Look at how forgiving Kodak Portra 800 is!  I was blown away when I saw the results.  I really thought I would see more differences since rating the film at 200 is already two stops over box speed.   I am also amazed at how well a good photo lab can make your film scans look consistent, even when rated differently.  There is a 4-stop difference between the p800 rated at 800, shot at f2.8 @ 1000 vs. p800 rated at 200, shot at f2.8 @ 250!  So develop a relationship with and love your lab. 🙂  Please see my straight-scan comparison I added at the end of the post.

And here are the same comparisons of Portra 800 in the shade with the last comparison on Kodak Portra 160 film

Kodak Portra 800 film : rating comparisons in the shade

Comparison of Kodak Portra 800 only:

Kodak Portra 800 film : rating comparisons in the shade

Edited to add:

I found out RPL tried to match up scans from the Kodak Portra 800 film rolls into one cohesive set since all rolls were submitted in one order.  I asked them to re-scan one image from each roll and do a straight scan since I was testing exposure.  A straight scan means that the photo lab doesn’t do any adjusting.  Here are the results:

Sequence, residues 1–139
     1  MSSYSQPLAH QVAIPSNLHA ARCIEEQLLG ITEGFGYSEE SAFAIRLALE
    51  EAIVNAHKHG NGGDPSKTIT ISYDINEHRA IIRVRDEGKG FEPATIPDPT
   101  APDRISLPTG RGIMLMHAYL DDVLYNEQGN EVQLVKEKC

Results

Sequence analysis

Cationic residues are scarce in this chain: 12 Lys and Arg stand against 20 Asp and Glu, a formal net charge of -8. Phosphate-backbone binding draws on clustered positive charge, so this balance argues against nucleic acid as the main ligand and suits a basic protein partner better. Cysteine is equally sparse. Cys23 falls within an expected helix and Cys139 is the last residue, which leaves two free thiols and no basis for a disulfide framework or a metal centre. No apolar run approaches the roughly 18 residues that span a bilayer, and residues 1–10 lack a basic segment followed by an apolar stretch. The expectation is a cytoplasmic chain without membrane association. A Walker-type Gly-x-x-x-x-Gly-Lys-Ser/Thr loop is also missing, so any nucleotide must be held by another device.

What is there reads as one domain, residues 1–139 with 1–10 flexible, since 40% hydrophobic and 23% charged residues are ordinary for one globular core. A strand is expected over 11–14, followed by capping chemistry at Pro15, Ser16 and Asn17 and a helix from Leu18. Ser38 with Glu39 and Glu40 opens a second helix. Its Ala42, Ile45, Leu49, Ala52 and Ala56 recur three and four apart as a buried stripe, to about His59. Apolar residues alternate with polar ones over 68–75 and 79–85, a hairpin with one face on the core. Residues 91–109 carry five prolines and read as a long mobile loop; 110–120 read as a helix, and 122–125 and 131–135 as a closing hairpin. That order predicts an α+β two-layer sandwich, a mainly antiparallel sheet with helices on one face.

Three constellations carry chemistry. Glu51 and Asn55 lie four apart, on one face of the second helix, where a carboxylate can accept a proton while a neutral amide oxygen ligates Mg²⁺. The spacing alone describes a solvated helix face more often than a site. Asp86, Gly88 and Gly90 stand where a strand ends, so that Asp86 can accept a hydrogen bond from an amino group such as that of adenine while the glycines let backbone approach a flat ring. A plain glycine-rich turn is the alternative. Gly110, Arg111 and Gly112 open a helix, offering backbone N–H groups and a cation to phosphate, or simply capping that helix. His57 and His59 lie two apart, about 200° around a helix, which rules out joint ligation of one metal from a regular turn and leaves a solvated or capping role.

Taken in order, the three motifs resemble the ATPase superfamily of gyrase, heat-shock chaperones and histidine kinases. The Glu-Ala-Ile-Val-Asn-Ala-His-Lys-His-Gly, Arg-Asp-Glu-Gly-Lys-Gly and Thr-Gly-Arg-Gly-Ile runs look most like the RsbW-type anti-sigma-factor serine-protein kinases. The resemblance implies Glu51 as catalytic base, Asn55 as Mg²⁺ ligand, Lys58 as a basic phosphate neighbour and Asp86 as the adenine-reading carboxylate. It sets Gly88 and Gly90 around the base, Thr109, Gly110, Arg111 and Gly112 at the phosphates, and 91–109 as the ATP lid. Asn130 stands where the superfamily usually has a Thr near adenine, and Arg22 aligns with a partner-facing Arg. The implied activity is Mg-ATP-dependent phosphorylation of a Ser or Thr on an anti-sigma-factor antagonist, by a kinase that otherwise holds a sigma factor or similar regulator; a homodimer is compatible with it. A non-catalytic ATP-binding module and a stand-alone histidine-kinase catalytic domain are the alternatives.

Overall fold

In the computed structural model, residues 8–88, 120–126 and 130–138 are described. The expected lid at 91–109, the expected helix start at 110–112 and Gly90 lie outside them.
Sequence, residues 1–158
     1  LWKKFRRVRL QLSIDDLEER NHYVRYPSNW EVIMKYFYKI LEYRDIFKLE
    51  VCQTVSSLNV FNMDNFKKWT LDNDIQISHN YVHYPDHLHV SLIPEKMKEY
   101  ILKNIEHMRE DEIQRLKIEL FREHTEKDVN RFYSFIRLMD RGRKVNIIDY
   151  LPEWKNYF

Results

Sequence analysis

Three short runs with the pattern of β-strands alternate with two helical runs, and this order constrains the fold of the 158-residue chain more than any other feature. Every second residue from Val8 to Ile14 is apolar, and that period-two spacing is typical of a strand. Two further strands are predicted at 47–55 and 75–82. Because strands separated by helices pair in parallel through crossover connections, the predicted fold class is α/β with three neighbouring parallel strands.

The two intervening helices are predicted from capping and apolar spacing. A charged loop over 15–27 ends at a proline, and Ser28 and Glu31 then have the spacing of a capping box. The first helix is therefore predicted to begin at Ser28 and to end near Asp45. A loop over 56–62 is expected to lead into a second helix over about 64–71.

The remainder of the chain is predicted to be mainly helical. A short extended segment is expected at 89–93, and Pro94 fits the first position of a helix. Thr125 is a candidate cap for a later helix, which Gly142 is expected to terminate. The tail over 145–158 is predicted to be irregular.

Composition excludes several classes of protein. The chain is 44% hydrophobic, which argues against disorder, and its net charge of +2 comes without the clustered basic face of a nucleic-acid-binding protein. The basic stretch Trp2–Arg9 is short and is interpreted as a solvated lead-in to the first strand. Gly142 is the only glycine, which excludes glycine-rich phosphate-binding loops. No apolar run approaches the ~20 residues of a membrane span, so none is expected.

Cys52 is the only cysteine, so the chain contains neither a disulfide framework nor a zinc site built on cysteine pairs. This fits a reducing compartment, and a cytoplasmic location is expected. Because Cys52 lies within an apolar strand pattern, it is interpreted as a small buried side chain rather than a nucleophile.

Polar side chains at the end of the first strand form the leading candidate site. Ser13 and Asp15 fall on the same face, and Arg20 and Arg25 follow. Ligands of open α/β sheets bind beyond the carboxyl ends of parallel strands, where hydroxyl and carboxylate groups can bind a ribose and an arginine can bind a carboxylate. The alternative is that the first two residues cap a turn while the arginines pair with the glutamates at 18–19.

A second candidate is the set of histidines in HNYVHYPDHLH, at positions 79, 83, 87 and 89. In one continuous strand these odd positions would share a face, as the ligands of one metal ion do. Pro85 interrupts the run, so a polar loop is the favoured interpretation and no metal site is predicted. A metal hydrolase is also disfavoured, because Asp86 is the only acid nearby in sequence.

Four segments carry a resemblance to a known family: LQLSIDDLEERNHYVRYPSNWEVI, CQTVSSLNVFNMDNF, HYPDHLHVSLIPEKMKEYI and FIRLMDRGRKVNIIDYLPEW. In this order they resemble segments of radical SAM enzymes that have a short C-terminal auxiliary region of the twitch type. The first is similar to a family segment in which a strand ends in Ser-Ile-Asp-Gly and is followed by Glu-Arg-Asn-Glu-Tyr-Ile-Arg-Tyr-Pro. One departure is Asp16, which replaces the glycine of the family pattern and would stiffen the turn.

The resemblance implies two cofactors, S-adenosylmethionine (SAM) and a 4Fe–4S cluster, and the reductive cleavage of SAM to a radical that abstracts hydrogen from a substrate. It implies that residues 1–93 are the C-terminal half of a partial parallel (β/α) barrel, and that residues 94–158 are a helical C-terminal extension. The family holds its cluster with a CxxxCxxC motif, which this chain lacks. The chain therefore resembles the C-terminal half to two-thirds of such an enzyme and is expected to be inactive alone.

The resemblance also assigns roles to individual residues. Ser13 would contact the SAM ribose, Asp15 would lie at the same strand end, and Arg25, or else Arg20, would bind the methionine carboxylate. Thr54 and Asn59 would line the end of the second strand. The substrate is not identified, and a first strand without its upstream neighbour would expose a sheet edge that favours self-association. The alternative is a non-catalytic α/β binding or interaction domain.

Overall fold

Kodak Portra 800 film : rating comparisons with straight unedited scans

I’m still quite surprised to see there is not much difference in exposure, colors, or contrast.  I can see a difference in skin tone but that may be attributed to the difference in the color of the field.  The Kodak Portra 800 rated 640 photo was taken in an adjacent field with less green.

What differences do you see?  Which is your favorite?

I also love to rate Ilford HP5 several different ways depending on lighting conditions and you can check out the versatility of this film by clicking the link.  It’s my go-to b/w film, in 35mm or 120 format!

Feel free to check out other film-related tutorials and articles like: 

5 Steps to Improve Your Film Photography